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Dennis Gabor

Dennis Gabor
Dennis Gabor

Dennis Gabor (Gábor Dénes) was born in Budapest, Hungary, on June 5, 1900 and died in London on February 8th, 1979

In 1947, the Hungarian physicist invented holography, for which he received the Nobel Prize in Physics in 1971.

For the occasion of the Nobel Prize celebrations, Gabor prepared a short Autobiography, which we reproduce below.

"I was born in Budapest, Hungary, on June 5, 1900, the oldest son of Bertalan Gabor, director of a mining company, and his wife Adrienne. My life-long love of physics started suddenly at the age of 15. I could not wait until I got to the university, I learned the calculus and worked through the textbook of Chwolson, the largest at that time, in the next two years. I remember how fascinated I was by Abbe's theory of the microscope and by Gabriel Lippmann's method of colour photography, which played such a great part in my work, 30 years later. Also, with my late brother George, we built up a little laboratory in our home, where we could repeat most experiments which were modern at that time, such as wireless X-rays and radioactivity. Yet, when I reached university age, I opted for engineering instead of physics. Physics was not yet a profession in Hungary, with a total of half-a-dozen university chairs - and who could have been presumptious enough to aspire to one of these?

So I acquired my degrees, (Diploma at the Technische Hochschule Berlin, 1924, Dr-Ing. in 1927), in electrical engineering, though I sneaked over from the TH as often as possible to the University of Berlin, were physics at that time was at its apogee, with Einstein, Planck, Nernst and v. Laue. Though electrical engineering remained my profession, my work was almost always in applied physics. My doctorate work was the development of one of the first high speed cathode ray oscillographs and in the course of this I made the first iron-shrouded magnetic electron lens. In 1927 I joined the Siemens & Halske AG where I made my first of my successful inventions; the high pressure quartz mercury lamp with superheated vapour and the molybdenum tape seal, since used in millions of street lamps. This was also my first exercise in serendipity, (the art of looking for something and finding something else), because I was not after a mercury lamp but after a cadmium lamp, and that was not a success.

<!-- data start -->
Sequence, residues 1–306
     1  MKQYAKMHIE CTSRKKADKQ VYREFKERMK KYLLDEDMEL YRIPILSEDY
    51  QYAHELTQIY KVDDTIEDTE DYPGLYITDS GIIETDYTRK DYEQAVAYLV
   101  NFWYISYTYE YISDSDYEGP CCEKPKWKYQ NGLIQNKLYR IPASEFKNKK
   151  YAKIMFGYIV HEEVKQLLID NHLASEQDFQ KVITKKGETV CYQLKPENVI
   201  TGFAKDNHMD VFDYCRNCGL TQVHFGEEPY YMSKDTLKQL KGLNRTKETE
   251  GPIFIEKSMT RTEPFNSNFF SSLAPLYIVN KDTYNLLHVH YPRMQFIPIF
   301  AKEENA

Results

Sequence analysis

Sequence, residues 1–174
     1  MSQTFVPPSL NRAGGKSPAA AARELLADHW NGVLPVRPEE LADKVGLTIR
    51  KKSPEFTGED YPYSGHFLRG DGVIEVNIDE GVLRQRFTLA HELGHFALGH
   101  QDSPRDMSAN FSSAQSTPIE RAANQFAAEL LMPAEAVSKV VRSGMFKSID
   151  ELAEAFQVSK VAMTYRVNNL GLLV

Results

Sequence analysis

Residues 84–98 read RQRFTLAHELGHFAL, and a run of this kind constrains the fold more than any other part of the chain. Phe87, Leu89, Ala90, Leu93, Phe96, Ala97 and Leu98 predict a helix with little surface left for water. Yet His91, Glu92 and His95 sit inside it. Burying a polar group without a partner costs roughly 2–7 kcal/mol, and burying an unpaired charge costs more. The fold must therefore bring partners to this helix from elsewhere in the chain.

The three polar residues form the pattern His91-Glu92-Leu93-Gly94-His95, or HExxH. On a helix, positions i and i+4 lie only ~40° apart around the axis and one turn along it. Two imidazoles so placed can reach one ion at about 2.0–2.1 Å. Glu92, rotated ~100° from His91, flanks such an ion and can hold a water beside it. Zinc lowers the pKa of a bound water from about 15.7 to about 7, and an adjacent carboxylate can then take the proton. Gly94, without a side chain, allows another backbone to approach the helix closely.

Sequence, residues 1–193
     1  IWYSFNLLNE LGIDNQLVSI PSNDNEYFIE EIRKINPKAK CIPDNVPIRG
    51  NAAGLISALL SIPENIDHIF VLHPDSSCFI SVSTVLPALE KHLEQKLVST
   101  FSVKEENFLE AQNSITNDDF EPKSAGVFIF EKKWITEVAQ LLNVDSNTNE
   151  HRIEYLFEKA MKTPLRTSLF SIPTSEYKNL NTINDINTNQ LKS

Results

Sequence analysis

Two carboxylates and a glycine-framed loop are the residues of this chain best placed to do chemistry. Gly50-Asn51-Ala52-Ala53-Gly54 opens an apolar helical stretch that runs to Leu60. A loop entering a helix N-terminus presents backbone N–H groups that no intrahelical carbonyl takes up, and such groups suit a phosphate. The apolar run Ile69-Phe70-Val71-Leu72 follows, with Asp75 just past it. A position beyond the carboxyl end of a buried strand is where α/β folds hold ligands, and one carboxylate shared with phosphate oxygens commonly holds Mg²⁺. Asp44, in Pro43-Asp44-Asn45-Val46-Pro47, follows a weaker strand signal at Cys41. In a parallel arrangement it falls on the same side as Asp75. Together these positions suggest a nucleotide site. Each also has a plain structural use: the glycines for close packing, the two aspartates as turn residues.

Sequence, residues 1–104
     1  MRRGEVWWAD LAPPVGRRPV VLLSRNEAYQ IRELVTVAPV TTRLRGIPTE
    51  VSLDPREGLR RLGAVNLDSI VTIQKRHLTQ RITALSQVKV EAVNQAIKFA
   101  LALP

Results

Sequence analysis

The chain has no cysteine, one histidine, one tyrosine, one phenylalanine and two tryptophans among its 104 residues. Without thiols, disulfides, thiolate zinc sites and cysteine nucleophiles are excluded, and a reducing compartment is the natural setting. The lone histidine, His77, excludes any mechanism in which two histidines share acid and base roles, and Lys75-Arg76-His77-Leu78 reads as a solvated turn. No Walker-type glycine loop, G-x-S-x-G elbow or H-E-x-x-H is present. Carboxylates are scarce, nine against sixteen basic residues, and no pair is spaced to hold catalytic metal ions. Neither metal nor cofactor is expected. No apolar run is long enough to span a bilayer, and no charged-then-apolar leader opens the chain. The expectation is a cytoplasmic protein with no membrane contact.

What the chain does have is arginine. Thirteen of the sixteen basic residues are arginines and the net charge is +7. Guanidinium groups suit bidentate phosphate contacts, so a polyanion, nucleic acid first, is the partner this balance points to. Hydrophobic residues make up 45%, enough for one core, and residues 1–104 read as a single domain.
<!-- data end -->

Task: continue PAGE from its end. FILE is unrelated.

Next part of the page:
In 1933, when Hitler came to power, I left Germany and after a short period in Hungary went to England. At that time, in 1934, England was still in the depths of the depression, and jobs for foreigners were very difficult. I obtained employment with the British Thomson-Houston Co., Rugby, on an inventor's agreement. The invention was a gas discharge tube with a positive characteristic, which could be operated on the mains. Unfortunately, most of its light emission was in the short ultraviolet, so that it failed to give good efficiency with the available fluorescent powders, but at least it gave me a foothold in the BTH Research Laboratory, where I remained until the end of 1948. The years after the war were the most fruitful. I wrote, among many others, my first papers on communication theory, I developed a system of stereoscopic cinematography, and in the last year, 1948 I carried out the basic experiments in holography, at that time called "wavefront reconstruction". This again was an exercise in serendipity. The original objective was an improved electron microscope, capable of resolving atomic lattices and seeing single atoms. Three year's work, 1950-53, carried out in collaboration with the AEI Research Laboratory in Aldermaston, led to some respectable results, but still far from the goal. We had started 20 years too early. Only in recent years have certain auxiliary techniques developed to the point when electron holography could become a success. On the other hand, optical holography has become a world success after the invention and introduction of the laser, and acoustical holography has now also made a promising start.